ivansxtc. (18)

Review by Simon Bell

IT COMES with a director’s statement attached: "FILM IS DEAD," it declares brazenly. "The 35mm camera is chained by money to corporations. Digital cinema will be free." The sentiment runs through ivansxtc. like a vital artery, it’s naturalistic visuals and candid performances a result of the director and his DOP harnessing lightweight, high-definition equipment and thus being liberated from a taxing army of technicians and the everyday hindrances of a typical Hollywood shoot.

Based on the novella, The Death of Ivan Ilyich, ivansxtc. is Bernard (Candyman//Immortal Beloved) Rose’s second attempt at a Tolstoy adaptation (his first, the catastrophic Anna Karenina). Here we’re spared the perishing Siberian chill and, instead, have the very contrasting environs of LA pool parties and drug-fuelled hotel orgies.

Ivan Beckman replaces the Ilyich of yesteryear - no longer an upper-middle class 19th Century Russian - now a wily but charming and successful talent agent (and based on the life of Rose’s own wheeler-dealer, the now-deceased former head of creative artist agency, Jay Maloney.

So, all life is shit, informs Ivan in a voice-over soon after the opening credits have rolled. This, uttered immediately before he dies a horrible death from lung cancer.

His colleagues are subsequently left with a huge gaping hole in the agency and the challenge of covering up the truth of a man’s life, sustained as it was by vast cocaine consumption, and prolific all-night binges on hard liquor.

Everyone, it seems, is cynical in this industry. So incredulous that Ivan’s gradual demise can only have concluded with an OD, they confer.

This is where the film really gets going… Cue flashback and enter one Danny Huston as Beckman, the prince of Hollywood, friend to the stars and darling of the business bigwigs, in the last few weeks of his life.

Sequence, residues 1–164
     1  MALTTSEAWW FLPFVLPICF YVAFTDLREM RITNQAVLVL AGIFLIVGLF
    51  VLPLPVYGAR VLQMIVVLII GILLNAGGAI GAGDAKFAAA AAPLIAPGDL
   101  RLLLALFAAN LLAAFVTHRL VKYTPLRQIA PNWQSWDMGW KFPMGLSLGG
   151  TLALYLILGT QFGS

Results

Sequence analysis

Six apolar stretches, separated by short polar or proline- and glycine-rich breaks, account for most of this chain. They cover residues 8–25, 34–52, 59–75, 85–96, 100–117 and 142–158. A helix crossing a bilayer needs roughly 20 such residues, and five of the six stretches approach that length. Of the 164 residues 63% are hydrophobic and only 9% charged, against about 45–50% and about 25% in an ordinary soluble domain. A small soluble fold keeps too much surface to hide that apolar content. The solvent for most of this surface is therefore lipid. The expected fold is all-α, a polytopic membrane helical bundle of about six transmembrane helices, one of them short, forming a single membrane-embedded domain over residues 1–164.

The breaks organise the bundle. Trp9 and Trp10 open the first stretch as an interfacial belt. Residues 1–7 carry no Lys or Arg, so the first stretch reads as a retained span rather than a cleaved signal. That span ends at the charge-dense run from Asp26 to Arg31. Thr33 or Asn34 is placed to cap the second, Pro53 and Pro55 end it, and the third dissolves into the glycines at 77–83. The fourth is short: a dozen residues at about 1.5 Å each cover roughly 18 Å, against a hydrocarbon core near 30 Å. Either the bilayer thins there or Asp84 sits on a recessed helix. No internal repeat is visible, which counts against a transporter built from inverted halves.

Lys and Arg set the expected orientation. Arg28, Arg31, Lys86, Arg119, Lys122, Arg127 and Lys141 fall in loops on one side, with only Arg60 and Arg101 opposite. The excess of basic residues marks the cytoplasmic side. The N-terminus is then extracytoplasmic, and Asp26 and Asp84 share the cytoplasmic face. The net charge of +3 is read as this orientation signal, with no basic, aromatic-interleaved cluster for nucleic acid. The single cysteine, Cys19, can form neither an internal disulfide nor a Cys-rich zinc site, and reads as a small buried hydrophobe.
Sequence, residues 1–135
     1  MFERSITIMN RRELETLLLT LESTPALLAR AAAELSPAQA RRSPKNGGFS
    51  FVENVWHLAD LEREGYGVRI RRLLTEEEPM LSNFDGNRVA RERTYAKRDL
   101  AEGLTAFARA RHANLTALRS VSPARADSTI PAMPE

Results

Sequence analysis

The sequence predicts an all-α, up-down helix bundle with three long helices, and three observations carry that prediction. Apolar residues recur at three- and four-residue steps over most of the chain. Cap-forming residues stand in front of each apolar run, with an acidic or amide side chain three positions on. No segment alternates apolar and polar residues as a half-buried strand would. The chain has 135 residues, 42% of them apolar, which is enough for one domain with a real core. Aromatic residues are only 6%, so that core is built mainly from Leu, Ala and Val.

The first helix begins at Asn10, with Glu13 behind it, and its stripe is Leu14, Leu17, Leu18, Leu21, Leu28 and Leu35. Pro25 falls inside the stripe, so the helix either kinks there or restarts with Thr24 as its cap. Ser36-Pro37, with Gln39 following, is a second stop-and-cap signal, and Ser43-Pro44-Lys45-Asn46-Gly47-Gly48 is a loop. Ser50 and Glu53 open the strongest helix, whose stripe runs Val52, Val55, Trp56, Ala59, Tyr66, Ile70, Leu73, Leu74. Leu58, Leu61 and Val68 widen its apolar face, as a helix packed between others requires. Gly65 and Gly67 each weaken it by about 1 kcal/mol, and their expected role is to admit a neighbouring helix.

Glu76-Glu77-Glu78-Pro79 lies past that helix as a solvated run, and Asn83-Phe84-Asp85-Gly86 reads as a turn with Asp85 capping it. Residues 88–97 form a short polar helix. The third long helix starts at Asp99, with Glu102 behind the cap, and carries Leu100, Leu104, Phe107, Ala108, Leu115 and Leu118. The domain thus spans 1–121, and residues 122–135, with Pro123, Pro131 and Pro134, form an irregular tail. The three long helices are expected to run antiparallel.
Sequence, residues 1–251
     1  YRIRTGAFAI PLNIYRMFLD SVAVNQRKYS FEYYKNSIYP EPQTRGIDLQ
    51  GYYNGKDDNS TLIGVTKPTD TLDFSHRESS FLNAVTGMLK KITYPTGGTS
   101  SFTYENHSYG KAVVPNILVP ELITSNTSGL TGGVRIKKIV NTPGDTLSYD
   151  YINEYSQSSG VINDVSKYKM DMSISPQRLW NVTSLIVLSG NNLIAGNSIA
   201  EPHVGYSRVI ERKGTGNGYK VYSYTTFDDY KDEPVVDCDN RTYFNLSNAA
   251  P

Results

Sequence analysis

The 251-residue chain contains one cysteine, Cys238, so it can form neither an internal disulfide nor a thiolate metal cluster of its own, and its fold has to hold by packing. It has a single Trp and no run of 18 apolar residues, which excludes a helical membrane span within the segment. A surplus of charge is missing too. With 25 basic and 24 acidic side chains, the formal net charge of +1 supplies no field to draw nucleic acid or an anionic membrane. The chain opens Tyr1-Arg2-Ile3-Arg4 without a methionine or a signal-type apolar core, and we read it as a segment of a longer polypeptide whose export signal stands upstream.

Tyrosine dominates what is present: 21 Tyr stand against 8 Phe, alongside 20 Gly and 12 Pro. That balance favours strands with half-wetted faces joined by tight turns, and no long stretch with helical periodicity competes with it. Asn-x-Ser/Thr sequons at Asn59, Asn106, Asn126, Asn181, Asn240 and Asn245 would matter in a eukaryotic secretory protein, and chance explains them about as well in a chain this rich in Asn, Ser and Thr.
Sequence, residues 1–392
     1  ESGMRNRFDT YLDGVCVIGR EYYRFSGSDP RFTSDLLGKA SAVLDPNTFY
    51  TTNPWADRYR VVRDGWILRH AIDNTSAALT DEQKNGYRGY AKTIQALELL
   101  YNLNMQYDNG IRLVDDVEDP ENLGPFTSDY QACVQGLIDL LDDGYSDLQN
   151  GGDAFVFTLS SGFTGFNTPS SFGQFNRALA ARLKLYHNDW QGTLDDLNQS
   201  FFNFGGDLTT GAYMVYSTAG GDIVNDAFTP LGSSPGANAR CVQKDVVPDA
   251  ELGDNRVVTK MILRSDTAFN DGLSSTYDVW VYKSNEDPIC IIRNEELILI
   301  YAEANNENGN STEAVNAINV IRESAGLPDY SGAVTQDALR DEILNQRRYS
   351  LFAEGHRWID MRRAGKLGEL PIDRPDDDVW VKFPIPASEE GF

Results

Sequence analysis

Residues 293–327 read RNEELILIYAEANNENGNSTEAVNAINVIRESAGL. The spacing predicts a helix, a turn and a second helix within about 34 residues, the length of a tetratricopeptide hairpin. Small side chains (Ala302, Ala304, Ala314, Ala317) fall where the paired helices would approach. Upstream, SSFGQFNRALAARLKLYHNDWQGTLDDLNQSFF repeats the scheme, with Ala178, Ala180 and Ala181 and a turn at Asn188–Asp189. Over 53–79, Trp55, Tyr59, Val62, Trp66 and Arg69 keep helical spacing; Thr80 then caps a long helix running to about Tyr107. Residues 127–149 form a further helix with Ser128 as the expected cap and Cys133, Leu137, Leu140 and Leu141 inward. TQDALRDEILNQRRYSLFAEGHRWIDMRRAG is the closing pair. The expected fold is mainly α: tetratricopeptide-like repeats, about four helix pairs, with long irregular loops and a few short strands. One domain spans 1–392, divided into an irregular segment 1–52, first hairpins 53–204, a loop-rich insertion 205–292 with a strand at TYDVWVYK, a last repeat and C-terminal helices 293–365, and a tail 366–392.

The remaining 80 minutes or so chart the brief rise to the very top of his profession before his good fortune is cut dramatically short by the debilitating final stages of his terminal illness.

In the meantime, Ivansxtc. shapes up as a savage attack on the West Coast movie world; a community so cold and uncompromising that isolationism reigns supreme. This really is a guild of monsters who care for little and love even less.

Central to this is Peter Weller, magnificent as the arrogant and self-obsessed star, Don West, who has the power to get even a film called Weeds green lit, so long as its creator, Danny McTeague (James Merendino), is booted off the project in favour of a lesbian actress who will get the liberal press off West’s back.

But more impressive is Huston (son of John, brother of Anjelica), who gives a commanding portrayal that puts most players in mainstream US cinema to unmitigated shame. Let’s hope the director of such throwaway fare as Mr North (1988), concentrates on acting for a wee while.

What we have then, is a mordant hymn to the back-biting freak-show that is the Hollywood film factory, that could possibly be the most watchable and rewarding outing to the pictures you could have all year.